Mystery surrounds disappearance of boaters

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SEPT. 5 — A Michigan lawyer, whose body was found in Lake Huron nearly two weeks after she and another boater went missing in August, might have suffered from carbon monoxide poisoning before having drowned.

An autopsy of 35-year-old Lana A. Stempien showed that she had a 13-percent saturation level of carbon monoxide in her system, according to local news reports. That percentage was most likely much higher when she went into the water, according to David Smart, a forensic pathologist who performed Stempien’s autopsy.

“I think it helps explain why she could have been incapacitated; an otherwise healthy person drowning in the water,” Smart is quoted in a news report.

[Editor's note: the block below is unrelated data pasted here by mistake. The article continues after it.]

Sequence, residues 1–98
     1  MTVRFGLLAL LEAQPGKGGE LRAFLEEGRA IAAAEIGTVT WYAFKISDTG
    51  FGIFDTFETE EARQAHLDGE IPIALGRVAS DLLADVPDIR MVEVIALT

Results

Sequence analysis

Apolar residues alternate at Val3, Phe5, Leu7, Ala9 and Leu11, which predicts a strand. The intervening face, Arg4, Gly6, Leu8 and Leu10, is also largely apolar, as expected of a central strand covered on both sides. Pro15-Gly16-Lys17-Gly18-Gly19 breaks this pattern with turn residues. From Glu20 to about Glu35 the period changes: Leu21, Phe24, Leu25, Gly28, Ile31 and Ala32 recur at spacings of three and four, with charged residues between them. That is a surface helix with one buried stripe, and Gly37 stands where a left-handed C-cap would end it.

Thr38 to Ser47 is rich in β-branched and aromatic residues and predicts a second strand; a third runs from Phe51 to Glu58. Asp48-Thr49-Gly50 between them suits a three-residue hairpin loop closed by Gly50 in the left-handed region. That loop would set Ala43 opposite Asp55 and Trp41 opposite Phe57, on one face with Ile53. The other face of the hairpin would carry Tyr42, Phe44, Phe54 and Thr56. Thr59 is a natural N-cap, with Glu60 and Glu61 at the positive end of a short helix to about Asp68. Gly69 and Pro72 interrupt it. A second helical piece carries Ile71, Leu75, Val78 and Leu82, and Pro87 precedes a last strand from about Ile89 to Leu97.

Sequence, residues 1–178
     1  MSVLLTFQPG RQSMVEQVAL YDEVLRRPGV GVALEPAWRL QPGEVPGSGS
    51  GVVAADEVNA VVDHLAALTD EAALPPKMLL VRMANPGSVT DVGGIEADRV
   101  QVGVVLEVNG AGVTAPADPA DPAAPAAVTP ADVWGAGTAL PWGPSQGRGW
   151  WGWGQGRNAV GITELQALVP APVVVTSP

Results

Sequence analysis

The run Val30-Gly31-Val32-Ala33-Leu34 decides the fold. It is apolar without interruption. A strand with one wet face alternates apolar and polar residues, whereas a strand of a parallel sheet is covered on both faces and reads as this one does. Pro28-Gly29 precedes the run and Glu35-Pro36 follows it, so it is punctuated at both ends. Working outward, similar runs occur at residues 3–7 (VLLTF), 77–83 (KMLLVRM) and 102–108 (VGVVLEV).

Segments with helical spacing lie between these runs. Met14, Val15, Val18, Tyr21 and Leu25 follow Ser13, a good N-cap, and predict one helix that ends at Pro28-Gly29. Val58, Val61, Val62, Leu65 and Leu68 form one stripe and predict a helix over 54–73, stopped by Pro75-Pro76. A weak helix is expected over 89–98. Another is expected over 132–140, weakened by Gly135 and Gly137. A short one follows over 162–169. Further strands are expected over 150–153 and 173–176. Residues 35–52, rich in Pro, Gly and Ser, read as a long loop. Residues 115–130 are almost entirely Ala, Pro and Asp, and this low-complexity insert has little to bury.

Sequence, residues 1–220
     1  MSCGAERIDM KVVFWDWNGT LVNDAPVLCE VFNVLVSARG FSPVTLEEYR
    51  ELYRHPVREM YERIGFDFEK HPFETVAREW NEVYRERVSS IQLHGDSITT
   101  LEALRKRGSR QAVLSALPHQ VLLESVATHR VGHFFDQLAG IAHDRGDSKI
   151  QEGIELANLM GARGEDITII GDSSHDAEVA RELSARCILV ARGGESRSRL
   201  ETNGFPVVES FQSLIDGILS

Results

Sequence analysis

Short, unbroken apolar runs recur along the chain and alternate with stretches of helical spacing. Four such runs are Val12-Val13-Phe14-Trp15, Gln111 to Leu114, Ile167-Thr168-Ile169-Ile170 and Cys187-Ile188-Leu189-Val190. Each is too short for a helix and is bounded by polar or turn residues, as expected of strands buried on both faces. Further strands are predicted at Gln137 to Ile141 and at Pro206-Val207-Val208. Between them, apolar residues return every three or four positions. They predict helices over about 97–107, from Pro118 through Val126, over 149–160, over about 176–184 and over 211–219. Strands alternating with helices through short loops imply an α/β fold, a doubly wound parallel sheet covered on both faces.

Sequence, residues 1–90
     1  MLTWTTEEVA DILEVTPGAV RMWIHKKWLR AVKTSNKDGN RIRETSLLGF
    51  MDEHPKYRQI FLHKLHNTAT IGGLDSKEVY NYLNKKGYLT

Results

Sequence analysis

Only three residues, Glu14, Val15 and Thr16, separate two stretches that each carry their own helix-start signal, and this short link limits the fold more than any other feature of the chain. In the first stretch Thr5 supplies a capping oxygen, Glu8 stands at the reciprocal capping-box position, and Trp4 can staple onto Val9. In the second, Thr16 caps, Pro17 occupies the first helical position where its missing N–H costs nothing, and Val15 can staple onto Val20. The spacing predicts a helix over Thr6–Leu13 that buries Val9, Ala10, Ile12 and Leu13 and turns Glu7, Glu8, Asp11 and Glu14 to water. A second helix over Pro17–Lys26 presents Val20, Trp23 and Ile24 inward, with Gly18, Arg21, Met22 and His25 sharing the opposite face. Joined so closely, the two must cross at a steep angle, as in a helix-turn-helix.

Stempien and Charles Rutherford, 34, both of Grosse Pointe Farms, Mich., were last heard from Aug. 11 when they informed a family member that they were expected at Mackinac Island later that day. According to press reports, their 27-foot Wellcraft powerboat was reportedly found idling in neutral and adrift Aug. 12 about 11 miles northeast of their destination. The radio was playing, its running lights were off and the PFDs and their cell phones were still on board. The swim ladder was up, but there was a 20-foot line trailing off the stern.

When Stempien’s body was discovered, she was wearing only a necklace, a watch and a ring, reports say. Rutherford’s body has not yet been found.

— Jason Fell